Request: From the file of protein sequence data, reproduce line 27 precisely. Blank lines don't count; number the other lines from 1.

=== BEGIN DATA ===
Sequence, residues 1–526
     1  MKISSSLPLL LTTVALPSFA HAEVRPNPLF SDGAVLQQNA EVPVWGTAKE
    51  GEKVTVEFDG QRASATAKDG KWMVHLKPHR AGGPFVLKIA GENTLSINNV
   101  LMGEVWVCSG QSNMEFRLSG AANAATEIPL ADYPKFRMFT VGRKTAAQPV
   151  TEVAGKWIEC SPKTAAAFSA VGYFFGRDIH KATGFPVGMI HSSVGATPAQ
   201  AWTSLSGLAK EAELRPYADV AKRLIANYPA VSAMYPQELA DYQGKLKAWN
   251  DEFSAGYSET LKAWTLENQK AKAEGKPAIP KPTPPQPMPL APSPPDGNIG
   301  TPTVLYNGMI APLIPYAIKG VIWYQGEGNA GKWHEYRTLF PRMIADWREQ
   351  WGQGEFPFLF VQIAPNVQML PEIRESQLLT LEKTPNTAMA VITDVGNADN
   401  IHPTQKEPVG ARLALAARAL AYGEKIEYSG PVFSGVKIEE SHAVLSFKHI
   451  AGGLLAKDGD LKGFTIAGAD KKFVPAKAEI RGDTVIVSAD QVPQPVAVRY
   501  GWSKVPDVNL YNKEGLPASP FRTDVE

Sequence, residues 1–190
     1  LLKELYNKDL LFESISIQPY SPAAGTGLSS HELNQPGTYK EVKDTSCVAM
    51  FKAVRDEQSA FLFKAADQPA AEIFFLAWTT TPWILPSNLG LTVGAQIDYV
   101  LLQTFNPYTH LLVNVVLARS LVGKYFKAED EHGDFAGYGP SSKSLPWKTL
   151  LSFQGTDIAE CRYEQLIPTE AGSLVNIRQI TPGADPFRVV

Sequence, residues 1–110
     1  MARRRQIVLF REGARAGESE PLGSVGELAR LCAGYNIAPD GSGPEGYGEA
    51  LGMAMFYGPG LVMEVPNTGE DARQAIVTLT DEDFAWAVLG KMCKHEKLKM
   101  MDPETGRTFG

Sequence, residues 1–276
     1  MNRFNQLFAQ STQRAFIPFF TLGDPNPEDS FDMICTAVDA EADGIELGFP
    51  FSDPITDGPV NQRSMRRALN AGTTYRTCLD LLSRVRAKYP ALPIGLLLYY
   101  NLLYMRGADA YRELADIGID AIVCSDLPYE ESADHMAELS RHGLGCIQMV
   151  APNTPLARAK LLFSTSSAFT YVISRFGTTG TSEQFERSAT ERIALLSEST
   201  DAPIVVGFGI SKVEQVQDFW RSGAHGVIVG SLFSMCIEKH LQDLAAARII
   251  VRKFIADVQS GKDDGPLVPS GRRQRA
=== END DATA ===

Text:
   201  DAPIVVGFGI SKVEQVQDFW RSGAHGVIVG SLFSMCIEKH LQDLAAARII